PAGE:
The Spirits And The Lovers

: Folk-lore And Legends: North American Indian

At the distance of a woman's walk of a day from the mouth of the

river, called by the pale-faces the Whitestone, in the country of the

Sioux, in the middle of a large plain, stands a lofty hill or mound.

Its wonderful roundness, together with the circumstance of its

standing apart from all other hills, like a fir-tree in the midst of a

wide prairie, or a man whose friends and kindred have all descended to

the dust, has
made it known to all the tribes of the West. Whether it

was created by the Great Spirit or filled up by the sons of men,

whether it was done in the morning of the world, ask not me, for I

cannot tell you. Know it is called by all the tribes of the land the

Hill of Little People, or the Mountain of Little Spirits. No gifts can

induce an Indian to visit it; for why should he incur the anger of the

Little People who dwell in it, and, sacrificed upon the fire of their

wrath, behold his wife and children no more? In all the marches and

counter-marches of the Indians, in all their goings and returnings, in

all their wanderings by day or by night to and from lands which lie

beyond it, their paths are so ordered that none approaches near

enough to disturb the tiny inhabitants of the hill. The memory of the

red-man of the forest has preserved but one instance when their

privacy was violated, since it was known through the tribes that they

wished for no intercourse with mortals. Before that time many Indians

were missing each year. No one knew what became of them, but they were

gone, and left no trace nor story behind. Valiant warriors filled

their quivers with arrows, put new strings to their bows, new shod

their moccasins, and sallied out to acquire glory in combat; but there

was no wailing in the camp of our foes: their arrows were not felt,

their shouts were not heard. Yet they fell not by the hands of our

foes, but perished we know not how.

Many seasons ago there lived within the limits of the great

council-fire of the Mahas a chief who was renowned for his valour and

victories in the field, his wisdom in the council, his dexterity and

success in the chase. His name was Mahtoree, or the White Crane. He

was celebrated throughout the vast regions of the West, from the

Mississippi to the Hills of the Serpent, from the Missouri to the

Plains of Bitter Frost, for all those qualities which render an Indian

warrior famous and feared.

In one of the war expeditions of the Pawnee Mahas against the

Burntwood Tetons, it was the good fortune of the former to overcome

and to make many prisoners--men, women, and children. One of the

captives, Sakeajah, or the Bird-Girl, a beautiful creature in the

morning of life, after being adopted into one of the Mahas families,

became the wife of the chief warrior of the nation. Great was the love

which the White Crane had for his wife, and it grew yet stronger when

she had brought him four sons and a daughter, Tatokah, or the

Antelope. She was beautiful. Her skin was fair, her eyes were large

and bright as those of the bison-ox, and her hair black, and braided

with beads, brushed, as she walked, the dew from the flowers upon the

prairies. Her temper was gentle and her voice sweet.

It may not be doubted that the beautiful Tatokah had many lovers; but

the heart of the maiden was touched by none of the noble youths who

sought her. She bade them all depart as they came; she rejected them

all. With the perverseness which is often seen among women, she had

placed her affections upon a youth who had distinguished himself by no

valiant deeds in war, nor by industry or dexterity in the chase. His

name had never reached the surrounding nations. His own nation knew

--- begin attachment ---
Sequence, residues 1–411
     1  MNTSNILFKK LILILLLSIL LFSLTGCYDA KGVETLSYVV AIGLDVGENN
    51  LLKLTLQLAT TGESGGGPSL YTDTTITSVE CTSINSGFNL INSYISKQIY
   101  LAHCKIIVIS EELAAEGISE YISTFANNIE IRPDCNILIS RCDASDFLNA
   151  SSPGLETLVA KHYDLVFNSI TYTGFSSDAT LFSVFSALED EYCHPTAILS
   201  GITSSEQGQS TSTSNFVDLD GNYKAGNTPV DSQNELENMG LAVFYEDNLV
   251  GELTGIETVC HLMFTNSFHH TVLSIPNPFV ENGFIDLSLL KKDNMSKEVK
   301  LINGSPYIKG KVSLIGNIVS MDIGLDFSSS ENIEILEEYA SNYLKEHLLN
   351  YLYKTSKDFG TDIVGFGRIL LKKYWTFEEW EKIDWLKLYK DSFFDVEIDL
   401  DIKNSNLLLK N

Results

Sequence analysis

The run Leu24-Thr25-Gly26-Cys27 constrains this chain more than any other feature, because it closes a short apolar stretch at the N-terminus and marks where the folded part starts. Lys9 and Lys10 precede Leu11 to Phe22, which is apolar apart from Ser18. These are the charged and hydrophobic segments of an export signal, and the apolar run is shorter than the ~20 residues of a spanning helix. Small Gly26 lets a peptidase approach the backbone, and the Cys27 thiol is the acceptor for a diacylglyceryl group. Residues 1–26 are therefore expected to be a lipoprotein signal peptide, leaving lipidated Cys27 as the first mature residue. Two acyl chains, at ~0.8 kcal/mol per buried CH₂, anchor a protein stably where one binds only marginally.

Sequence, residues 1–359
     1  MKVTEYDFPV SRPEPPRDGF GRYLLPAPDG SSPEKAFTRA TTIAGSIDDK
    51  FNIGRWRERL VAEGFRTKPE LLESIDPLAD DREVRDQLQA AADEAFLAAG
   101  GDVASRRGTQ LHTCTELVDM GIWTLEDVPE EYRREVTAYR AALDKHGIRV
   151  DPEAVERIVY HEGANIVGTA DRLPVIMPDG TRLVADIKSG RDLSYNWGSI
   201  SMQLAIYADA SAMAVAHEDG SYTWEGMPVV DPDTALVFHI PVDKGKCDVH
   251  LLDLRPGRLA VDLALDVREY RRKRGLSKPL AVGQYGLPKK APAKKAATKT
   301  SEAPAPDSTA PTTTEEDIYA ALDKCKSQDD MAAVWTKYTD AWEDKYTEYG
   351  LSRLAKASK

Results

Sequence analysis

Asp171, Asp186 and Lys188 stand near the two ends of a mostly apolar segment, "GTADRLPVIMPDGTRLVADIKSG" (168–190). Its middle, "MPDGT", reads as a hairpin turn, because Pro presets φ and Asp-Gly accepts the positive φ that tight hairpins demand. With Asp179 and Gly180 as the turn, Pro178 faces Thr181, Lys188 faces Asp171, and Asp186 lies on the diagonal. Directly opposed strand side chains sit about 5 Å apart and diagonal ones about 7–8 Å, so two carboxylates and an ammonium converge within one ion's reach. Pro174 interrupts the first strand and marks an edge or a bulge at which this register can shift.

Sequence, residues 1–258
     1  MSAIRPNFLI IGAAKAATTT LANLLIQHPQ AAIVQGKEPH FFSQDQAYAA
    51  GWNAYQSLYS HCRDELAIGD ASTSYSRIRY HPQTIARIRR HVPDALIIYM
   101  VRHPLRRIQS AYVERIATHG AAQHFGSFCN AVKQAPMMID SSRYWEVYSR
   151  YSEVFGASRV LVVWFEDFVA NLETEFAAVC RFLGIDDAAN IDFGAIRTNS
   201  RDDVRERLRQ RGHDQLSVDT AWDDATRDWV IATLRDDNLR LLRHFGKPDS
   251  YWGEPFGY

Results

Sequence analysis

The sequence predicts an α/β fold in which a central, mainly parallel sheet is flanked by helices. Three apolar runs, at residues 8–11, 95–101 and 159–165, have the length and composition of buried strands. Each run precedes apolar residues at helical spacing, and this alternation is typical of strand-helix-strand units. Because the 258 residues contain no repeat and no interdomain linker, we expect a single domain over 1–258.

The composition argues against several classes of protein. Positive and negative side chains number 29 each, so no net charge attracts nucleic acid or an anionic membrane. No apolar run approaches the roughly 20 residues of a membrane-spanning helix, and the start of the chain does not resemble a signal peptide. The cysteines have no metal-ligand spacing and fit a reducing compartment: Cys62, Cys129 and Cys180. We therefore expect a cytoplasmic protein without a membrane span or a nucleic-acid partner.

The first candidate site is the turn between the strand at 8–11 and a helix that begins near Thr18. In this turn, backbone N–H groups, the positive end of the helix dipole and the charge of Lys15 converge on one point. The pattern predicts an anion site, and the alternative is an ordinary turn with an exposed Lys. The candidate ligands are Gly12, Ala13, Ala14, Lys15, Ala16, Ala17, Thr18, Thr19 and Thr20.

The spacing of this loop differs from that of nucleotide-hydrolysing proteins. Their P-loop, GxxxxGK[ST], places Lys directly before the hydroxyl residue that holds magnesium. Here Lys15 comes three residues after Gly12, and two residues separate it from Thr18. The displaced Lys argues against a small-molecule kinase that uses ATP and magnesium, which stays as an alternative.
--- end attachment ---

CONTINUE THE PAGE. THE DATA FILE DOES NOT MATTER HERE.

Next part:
him not, unless as a weak and imbecile man. He was poor in everything

which constitutes the riches of Indian life. Who had heard the

twanging of Karkapaha's bow in the retreat of the bear, or who had

beheld the war-paint on his cheek or brow? Where were the scalps or

the prisoners that betokened his valour or daring? No song of valiant

exploits had been heard from his lips, for he had none to boast of--if

he had done aught becoming a man, he had done it when none was by. The

beautiful Tatokah, who knew and lamented the deficiencies of her

lover, strove long to conquer her passion without success. At length,

since her father would not agree to her union with her lover, the two

agreed to fly together. The night fixed came, and they left the

village of the Mahas and the lodge of Mahtoree for the wilderness.

Their flight was not unmarked, and when the father was made acquainted

with the disgrace which had befallen him, he called his young men

around him, and bade them pursue the fugitives, promising his daughter

to whomsoever should slay the Karkapaha. Immediately pursuit was made,

and soon a hundred eager youths were on the track of the hapless pair.

With that unerring skill and sagacity in discovering footprints which

mark their race, their steps were tracked, and themselves soon

discovered flying. What was the surprise of the pursuers when they

found that the path taken by the hapless pair would carry them to the

mountain of little spirits, and that they were sufficiently in advance

to reach it before they could be overtaken. None of them durst venture

within the supposed limits, and they halted till the White Crane

should be informed of his daughter and her lover having placed

themselves under the protection of the spirits.

In the meantime the lovers pursued their journey towards the fearful

residence of the little people. Despair lent them courage to perform

an act to which the stoutest Indian resolution had hitherto been

unequal. They determined to tell their tale to the spirits and ask

their protection. They were within a few feet of the hill when, on a

sudden, its brow, on which no object had till now been visible, became

covered with little people, the tallest of whom was not higher than

the knee of the maiden, while many of them--but these were

children--were of lower stature than the squirrel. Their voice was

sharp and quick, like the barking of the prairie dog. A little wing

came out at each shoulder; each had a single eye, which eye was to the

right in the men, and to the left in the women, and their feet stood

out at each side. They were armed like Indians, with tomahawks, spears,

bows, and arrows. He who appeared to be the head chief--for he wore an